In both cases, employees have ample opportunities to connect with organization purpose, a specific problem or opportunity, and each other. They use their creative potential in highly fulfilling ways. And they are given the level of control that all human beings need and deserve. In a word: they become deeply ENGAGED.

The people who do the work are the experts, not leaders nor consultants. If you want employees to engage, you must create the conditions for engagement to occur. Creating a proper kaizen culture is the way to achieve this. Start today!

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Today’s Guest Post comes from Karen Martin – author of The Outstanding Organization, which addresses the missing fundamentals that are key success factors in organizational transformation. Karen is the founder of Karen Martin & Associates and she is also the co-author of The Kaizen Event Planner: Achieving Rapid Improvement in Office, Service, and Technical Environments Guest Post   Words Matter: Why I Prefer PDSA over PDCA lean.

In Review: The Outstanding Organization by Karen Martin

In quest of excellence, an organization that grows has to deal with chaos. I recently read Karen Martin’s new book “The Outstanding Organization” that offers a simple yet effective model to create organizational conditions to combat this chaos and ensure better results out of improvement efforts.

What Problem Does This Book Address?

The book starts with a simple premise: Self-inflicted chaos (internal chaos) sabotages an organization’s ability to provide value to your customers, satisfy stakeholders, and offer a work environment that doesn’t break employees’ spirit. Self-inflicted chaos comes from constantly shifting (and often conflicting) priorities, excessive focus on hierarchy, unclear direction, unstable processes, unhappy customers and disengaged employees. To deal with this chaos that cracks the very foundation on which business results are based, Karen suggests essential strategies in four broad areas: Clarity, Focus, Discipline and Engagement.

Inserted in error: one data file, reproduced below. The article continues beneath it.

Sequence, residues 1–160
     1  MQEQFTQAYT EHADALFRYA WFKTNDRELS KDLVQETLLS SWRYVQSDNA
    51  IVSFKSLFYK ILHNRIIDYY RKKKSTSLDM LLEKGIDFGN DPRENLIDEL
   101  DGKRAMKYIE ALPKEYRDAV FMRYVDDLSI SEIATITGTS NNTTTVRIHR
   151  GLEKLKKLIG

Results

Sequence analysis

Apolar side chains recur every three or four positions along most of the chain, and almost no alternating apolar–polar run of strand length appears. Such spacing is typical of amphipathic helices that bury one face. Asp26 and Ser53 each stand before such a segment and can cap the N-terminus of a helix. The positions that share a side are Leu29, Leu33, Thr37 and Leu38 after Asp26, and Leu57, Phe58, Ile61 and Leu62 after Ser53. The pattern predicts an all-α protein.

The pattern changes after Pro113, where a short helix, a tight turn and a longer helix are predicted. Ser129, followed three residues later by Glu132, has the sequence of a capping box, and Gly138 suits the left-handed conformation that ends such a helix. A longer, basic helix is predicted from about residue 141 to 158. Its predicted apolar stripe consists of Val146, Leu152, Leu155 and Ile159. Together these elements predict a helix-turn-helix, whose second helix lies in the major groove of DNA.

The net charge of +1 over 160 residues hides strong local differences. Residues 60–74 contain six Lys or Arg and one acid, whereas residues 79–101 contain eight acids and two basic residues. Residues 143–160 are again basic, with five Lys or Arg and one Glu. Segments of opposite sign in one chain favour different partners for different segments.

What I liked the most

I loved the simplicity with which this book is written. It is a fine balance of narrative explanation, real life examples from the world of business and specific actionable ideas.

In the very beginning, Karen emphasizes that all improvement strategies are based on “respect for people.” Karen says,

“I have never seen an outstanding organization that believes that people are interchangeable, that they are simply parts in a machine to be used when needed and discarded when they are no longer convenient. I have never seen an outstanding organization that views people as a variable cost. Organizations are not machines – they are fundamentally and irreducibly made up of people.”

This book also touches upon applicability of essential lean concepts including Gemba and Kaizen in building a high performance organization. Not only that, the book has impressive research behind it and the research sources are very generously shared.

Selected Quotes from the Book

On Engagement and Creativity: “When the need to express their creativity is consistently thwarted – whether because it’s not safe, not encouraged, or not allowed – human beings stop giving of themselves – they know they will get nothing back. Organizational performance suffers as a result.”

On Priorities: “When everything is a priority, nothing is a priority”

The bottom line

No single book can cover everything that is required to build a great organization. However, this book is a very good starting point for senior leaders within the organization to assess the current state and decide their way forward based on essential strategies outlined in the book. Every leader who is committed to excellence will find this book useful.

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Find out more about the book at Karen Martin’s website: http://www.ksmartin.com/